3. Literary Context. (1) Discuss the placement of the passage in its immediate and larger contexts within the book, and (2) justify the paragraph divisions you have provided above. Look for clues in the immediately preceding and following contexts (the surrounding paragraphs and chapters) that show how the passage you are considering fits into its context (i.e., why it is where it is). NO COMMENTARY PERMITTED. (.5 page)

 

4. Paragraph Analysis. Identify the theme of each paragraph in one sentence per paragraph. The theme may be a key sentence taken directly from the text or a statement in your own words. Justify your judgment in each case (i.e., give your reasons for it). NO COMMENTARY PERMITTED. (.5 page)

 

5. Verse Analysis. Comment here on important features of individual verses. (In a longer passage, focus on each paragraph instead of each verse.) Do not merely summarize each verse (or paragraph) or re-state the obvious. Do comment on the flow of the argument or story-line from verse to verse (or paragraph to paragraph), including addressing why certain things may be stated in a particular way, why certain statements are included where they are, why omissions of expected materials occur, etc. Comment as needed on important theological words or ideas. Notice where else in the book or in other biblical books certain words or ideas are found. You may use concordances or theological wordbooks here, including any cross-referencing guide you like (such as that found within most Bibles themselves), but, you may not use a commentary here. Do your own work here. NO COMMENTARY PERMITTED. (1-2 pages)

 

6. Theme. Based upon the various stages of your detailed analysis above, and especially building upon your statements of theme for each paragraph, provide a one-sentence statement of the theme of the entire text (i.e., what is the author's main point in this section?). Explain the basis for your decision. NO COMMENTARY PERMITTED. (.5 page)

 

7. Word Study. Include here the major results of your sample word study (not the raw data you presented earlier). Also remember that you probably will need to do other word studies for this larger project. (.5 page)

 

8. Outline. Present an xegetical ( istorical outline of the text, reflecting the theme. NO COMMENTARY PERMITTED. (.5 page)

 

9. Homiletical (Sermon or Teaching) Outline. This outline should derive from the exegetical outline. Also include a one-sentence re-statement of the theme (point "6." above), a desired audience response, and a concluding challenge. NO COMMENTARY PERMITTED. (.5 page)

 

10. Commentary Comparison. Include here any additional essential insights gleaned from three exegetical commentaries. These must be insights that you did not already uncover in your own work. You may include these insights into the body of your work in Stage Two of your paper, but here, be sure to do the work asked for in the order requested. (.5 page)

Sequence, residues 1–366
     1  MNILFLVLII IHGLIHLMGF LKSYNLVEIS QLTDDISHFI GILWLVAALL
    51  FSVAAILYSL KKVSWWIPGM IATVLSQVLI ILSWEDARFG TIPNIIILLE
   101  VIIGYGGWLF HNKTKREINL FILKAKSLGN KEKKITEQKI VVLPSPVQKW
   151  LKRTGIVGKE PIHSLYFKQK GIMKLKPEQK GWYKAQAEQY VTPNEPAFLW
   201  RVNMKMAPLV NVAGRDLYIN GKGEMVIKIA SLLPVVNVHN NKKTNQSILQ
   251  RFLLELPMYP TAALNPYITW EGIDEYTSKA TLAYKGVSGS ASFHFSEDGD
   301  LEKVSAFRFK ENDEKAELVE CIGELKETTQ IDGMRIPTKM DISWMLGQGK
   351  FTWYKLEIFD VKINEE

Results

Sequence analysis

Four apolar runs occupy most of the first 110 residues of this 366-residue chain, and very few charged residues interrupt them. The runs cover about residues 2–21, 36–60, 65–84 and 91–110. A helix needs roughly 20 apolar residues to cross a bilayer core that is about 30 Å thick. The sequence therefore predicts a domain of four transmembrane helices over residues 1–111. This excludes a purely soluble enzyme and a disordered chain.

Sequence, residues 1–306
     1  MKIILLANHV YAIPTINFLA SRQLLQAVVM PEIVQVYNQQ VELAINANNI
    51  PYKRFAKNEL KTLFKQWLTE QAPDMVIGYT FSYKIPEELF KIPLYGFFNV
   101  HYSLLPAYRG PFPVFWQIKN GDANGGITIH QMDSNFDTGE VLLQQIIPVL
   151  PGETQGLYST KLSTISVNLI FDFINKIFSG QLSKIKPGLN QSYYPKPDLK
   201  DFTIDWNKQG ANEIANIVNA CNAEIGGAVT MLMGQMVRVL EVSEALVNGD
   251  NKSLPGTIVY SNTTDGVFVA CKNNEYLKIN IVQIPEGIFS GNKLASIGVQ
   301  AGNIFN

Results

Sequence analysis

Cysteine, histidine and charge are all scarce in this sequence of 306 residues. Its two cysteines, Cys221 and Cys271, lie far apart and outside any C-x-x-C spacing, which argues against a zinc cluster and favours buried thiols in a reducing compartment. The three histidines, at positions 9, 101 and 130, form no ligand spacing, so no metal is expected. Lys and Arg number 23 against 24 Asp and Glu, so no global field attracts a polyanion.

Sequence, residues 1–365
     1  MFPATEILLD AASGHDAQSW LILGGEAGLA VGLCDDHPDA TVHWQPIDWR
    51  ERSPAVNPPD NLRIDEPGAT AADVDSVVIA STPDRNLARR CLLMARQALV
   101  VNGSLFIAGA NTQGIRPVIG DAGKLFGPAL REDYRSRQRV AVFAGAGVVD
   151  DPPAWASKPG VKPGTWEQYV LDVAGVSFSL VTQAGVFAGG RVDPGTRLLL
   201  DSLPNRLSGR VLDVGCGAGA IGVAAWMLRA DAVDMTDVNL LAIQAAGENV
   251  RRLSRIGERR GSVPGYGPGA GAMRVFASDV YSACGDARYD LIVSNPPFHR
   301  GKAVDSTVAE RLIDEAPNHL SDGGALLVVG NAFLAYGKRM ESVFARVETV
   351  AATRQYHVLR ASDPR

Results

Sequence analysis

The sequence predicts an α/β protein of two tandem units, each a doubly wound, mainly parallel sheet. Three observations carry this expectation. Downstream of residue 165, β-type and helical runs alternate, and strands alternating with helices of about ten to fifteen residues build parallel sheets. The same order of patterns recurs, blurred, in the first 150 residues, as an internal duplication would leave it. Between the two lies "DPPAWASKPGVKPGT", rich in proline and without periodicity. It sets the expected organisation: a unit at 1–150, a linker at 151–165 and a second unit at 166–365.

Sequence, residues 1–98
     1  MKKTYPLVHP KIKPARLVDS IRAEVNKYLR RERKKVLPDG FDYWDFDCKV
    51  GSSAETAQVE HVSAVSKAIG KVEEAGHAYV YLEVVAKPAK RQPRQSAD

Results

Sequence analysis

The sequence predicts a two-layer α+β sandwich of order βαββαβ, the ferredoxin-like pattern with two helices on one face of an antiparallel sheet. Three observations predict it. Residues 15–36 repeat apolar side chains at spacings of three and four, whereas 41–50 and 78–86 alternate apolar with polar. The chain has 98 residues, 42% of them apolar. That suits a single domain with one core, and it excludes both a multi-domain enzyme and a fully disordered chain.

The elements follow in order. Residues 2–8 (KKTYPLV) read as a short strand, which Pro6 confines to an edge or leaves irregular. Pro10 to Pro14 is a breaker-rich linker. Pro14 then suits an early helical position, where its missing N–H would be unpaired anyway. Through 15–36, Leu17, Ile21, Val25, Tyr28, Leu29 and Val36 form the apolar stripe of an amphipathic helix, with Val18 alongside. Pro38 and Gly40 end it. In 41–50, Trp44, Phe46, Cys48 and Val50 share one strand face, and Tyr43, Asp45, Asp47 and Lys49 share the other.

Note 1: The use of commentaries is to be limited to the specific instructions for the Project; the only points at which you are to use them are in the Historical Background step and in Step 10 of Stage One. The reason for this restriction is to help you to see how commentaries can be most helpful to you in your work, rather than becoming an unhealthy crutch and a hindrance to developing you own spiritual insight.

 

Note 2: Page numbers here are suggested guides only. The major concern is that you accomplish the required work. However, the final product should be no less than six (6) and no more than ten (10) pages (or 3600 to 6000 words).

 


Stage Two

The last stage is a polished paper presenting the information gathered in the first stage in ready to-deliver form. The purpose of this stage is to synthesize the data you have gathered in the first stage into a well-written presentation.

The paper may take one of two forms:

  1. A sermon manuscript, i.e., written out word-for-word, ready to deliver orally, or
  2. A teaching paper and plan, fully developed. In either case, this stage should have an interesting introduction, a developed body, and a conclusion that ties the paper together.

Thus, this stage contrasts with the first stage in that the first stage is merely a step-by-step distillation of your findings.

The second stage is a finished and polished work.

Be sure to consider your audience in choosing the format of the paper and in shaping the material for presentation. (3-4 pages)(or 1800 to 2400 words)

Style and Formatting Guidelines for Papers

The papers are to be neatly typed using no larger than a 12-point font, single-spaced. Please number the pages, use a ragged right margin (i.e., not justified right). Any standard scheme of footnotes, endnotes, or text notes found in Kate L. Turabian A Manual for Writers is acceptable; but it must be used consistently, and full and proper documentation must be provided for any sources used (listings should be by author and title of book, commentary, or article [not editor!], with series name and editor appearing at the appropriate place), including a separate bibliography appended to the paper.

Standard academic writing procedures must be followed, including writing in your own words, giving proper credit when quoting or referring to material from another work, and writing in good English. Students who may have trouble with writing of English are expected to have their papers proofread by someone conversant in English writing skills prior to production of the papers.